I've been thinking about how to write this post for about a week, and while I was considering the matter, this Op-Ed appeared in the Tribune two days ago. It's written by Marty Sandberg (presumably, no relation to Ryne), who is described as "a disheartened Cubs fan and Chicago-based architect." Most of the article is complaints about Tom Ricketts and what the Ricketts family ownership wants to do to change Wrigley Field; we've been over that many times here and I don't think I have to repeat my support for the renovation plans (with the exception of the size of the proposed video board).
What caught my eye in Sandberg's writing, though, was this:
Ricketts has done one thing successfully — creating the most apathetic, undemanding fan base possible. Over the past few years third-generation die-hards have quietly been returning their season tickets. The knowledgeable, fun and sometimes offensive regulars that used to pack the park and make game day such a raucously enjoyable experience have disappeared. In their place, we find a ballpark full of expense-account-toting managers, teenage girls posting self-portraits on Facebook and a few drunken college bros confused by the ramp system. And let's not forget the legions of first-timers still traveling to Wrigley from out of state, somewhat disappointed by the lethargic atmosphere they encounter. But don't worry about them — they'll stop coming soon, too.
A lot of this, of course, is the coincidental takeover of the team by the Ricketts family and the fact that the team has been in decline on the field over the same period of time. We know many of the reasons for that -- the junk-food-high spending under Jim Hendry to try to win so that Tribune Company could get more for its property, and the hire of Theo Epstein and the rebuild that's now under way. This post isn't about that -- it's about how you create buzz to get people in your ballpark when you're not winning.
Let's take a trip back in time, shall we? It's 1946 and the Cubs are the defending National League champions. They've won five of the last 17 league championships and, although they didn't win any of the World Series in that time, they're still considered one of the best teams in either league. In that 17-season time frame, only the Yankees (seven times) appeared in the World Series more than the Cubs did.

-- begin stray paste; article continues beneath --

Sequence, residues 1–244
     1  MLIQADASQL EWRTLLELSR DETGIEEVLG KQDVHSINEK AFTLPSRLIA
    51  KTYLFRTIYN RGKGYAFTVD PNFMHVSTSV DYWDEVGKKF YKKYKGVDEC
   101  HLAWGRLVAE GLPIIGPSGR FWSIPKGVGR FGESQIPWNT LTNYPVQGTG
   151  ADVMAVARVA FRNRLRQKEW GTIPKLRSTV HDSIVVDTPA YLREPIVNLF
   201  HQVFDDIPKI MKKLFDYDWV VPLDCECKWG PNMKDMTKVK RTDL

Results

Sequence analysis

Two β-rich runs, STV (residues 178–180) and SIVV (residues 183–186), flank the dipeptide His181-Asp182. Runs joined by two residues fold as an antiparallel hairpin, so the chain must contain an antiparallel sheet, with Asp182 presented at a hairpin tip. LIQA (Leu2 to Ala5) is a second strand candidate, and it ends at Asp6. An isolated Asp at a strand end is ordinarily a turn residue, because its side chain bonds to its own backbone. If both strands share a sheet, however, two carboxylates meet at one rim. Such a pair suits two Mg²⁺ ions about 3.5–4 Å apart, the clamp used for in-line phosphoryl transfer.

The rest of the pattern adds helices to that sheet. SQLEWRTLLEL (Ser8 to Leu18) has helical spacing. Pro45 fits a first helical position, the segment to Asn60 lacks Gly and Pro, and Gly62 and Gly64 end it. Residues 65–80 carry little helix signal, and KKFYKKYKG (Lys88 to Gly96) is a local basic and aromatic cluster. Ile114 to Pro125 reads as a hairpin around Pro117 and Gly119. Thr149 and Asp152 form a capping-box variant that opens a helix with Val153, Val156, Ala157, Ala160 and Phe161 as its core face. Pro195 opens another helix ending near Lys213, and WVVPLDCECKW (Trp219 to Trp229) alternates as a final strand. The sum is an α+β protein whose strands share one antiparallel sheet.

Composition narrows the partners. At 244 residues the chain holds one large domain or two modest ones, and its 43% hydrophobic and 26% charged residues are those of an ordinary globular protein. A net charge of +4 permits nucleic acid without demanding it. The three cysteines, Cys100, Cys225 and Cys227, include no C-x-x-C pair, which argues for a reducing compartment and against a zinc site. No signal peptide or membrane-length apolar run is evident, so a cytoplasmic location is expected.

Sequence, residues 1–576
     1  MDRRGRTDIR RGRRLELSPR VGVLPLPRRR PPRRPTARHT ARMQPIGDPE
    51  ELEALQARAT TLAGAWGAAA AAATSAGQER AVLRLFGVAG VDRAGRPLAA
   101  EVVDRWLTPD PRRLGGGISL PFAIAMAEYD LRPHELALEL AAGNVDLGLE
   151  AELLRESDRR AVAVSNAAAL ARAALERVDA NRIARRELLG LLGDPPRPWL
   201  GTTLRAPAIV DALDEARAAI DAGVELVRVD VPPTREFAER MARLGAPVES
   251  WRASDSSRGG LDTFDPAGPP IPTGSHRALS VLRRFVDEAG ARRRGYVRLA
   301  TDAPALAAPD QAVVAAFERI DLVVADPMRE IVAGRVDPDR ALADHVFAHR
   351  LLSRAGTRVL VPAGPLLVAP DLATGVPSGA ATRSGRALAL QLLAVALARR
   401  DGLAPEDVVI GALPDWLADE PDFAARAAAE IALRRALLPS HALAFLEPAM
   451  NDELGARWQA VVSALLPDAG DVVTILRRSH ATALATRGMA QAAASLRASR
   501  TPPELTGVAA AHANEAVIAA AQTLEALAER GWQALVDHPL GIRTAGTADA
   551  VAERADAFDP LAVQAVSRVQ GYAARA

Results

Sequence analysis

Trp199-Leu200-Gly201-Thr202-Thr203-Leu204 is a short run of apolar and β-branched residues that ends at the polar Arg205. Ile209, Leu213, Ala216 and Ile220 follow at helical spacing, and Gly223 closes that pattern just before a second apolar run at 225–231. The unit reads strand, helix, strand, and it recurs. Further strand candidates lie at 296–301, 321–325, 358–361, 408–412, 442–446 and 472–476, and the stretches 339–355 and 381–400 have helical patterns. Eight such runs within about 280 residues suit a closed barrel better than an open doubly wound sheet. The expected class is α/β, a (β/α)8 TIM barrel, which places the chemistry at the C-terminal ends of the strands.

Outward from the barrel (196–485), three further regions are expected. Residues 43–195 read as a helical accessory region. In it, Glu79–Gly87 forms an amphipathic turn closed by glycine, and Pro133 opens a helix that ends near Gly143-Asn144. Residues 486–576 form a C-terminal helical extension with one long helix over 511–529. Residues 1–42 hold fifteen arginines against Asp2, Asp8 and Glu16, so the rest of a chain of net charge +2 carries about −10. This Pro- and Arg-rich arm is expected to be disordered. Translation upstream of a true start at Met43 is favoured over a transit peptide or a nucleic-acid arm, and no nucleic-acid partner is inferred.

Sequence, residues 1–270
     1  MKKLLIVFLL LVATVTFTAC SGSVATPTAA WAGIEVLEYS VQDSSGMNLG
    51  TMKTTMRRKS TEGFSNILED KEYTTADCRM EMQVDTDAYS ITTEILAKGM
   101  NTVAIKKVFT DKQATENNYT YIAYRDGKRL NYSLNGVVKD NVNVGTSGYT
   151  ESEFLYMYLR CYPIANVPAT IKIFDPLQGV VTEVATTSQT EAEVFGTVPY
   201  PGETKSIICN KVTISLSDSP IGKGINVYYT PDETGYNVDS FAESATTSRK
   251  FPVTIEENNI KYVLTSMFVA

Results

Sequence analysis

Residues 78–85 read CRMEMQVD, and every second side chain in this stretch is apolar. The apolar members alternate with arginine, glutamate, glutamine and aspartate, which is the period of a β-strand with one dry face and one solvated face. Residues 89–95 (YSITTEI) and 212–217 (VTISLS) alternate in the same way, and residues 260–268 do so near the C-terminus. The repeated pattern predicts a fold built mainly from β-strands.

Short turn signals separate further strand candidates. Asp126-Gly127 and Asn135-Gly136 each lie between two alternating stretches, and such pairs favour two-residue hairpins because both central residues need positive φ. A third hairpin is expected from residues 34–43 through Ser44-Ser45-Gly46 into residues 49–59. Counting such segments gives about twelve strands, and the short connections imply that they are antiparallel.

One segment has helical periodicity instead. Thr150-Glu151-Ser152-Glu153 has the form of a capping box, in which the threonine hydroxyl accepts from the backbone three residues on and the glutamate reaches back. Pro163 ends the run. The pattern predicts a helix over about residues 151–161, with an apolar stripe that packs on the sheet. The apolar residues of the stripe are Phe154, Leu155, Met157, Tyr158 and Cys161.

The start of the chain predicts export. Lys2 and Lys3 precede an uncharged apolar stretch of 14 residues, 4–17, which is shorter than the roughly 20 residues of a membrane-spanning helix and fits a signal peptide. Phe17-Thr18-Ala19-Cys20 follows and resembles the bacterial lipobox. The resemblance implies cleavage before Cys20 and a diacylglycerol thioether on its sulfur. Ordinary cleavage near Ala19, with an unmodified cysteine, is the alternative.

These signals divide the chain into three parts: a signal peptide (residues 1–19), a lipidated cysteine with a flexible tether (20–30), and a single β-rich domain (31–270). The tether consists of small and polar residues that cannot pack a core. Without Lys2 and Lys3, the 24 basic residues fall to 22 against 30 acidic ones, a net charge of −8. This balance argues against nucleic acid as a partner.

World War II is ending, and attendance is jumping in the pre-television era. For the next seven years -- through 1952 -- the Cubs drew over one million fans, then considered a benchmark of success, six times, and finished in the top half of league attendance four times.
Even during the low years of the late 1950s and early 1960s, the Cubs were able to draw reasonable crowds because they had a franchise icon -- Ernie Banks -- in his peak years. It was, of course, a different time; ticket prices were lower, and coming to the ballpark for an afternoon could be done for a family of four for less than $50, including food.
By 1966, though, with 20 years of failure, attendance was starting to drop. During the series I wrote last winter, "A Game From Cubs History", I quoted a Tribune writer who wrote about the kinds of people who inhabited a nearly-empty Wrigley Field as the Cubs were getting off to a horrific start:
Only 3,813 fans -- about one-tenth of a capacity crowd -- had turned out for the afternoon's spectacle. Of these a few were children in organized herds, a few were service men in uniform, and a few more were housewives. About half a dozen executives had brought along their briefcases and their out-of-town customers. The rest were superannuated men, crumbling and suffering through the agonizing decline known as the golden years. They sat there, blinking in the sun, clutching their 15-cent programs, and waiting for something to happen. Very little, in fact, was to happen that afternoon. Baseball, even when played by professionals, moves at a stately pace with long pauses while the pitcher scuffs the mound and hangs his head dolefully. The Cubs' pitcher had plenty to be doleful about. Houston was winning its 19th and 2Oth games of the season, and the Cubs, thanks largely to their own errors, were sinking to their fifth and sixth consecutive defeats. Even their most ardent proponents could not bear to watch the slaughter, and slowly, as the sun yellowed and fled toward the west, the little flock of spectators dwindled. Attendance varies directly with the success of the team: the Cubs attract only a little band of the faithful. Beautiful Wrigley field has thousands and thousands of seats, rising tier upon tier toward the sky, but vast sections of the stands lay closed and empty. "If it were conceivable," said the man next to me, "that the Cubs could lose any more games than they already do, they would draw even smaller crowds -- if that were conceivable."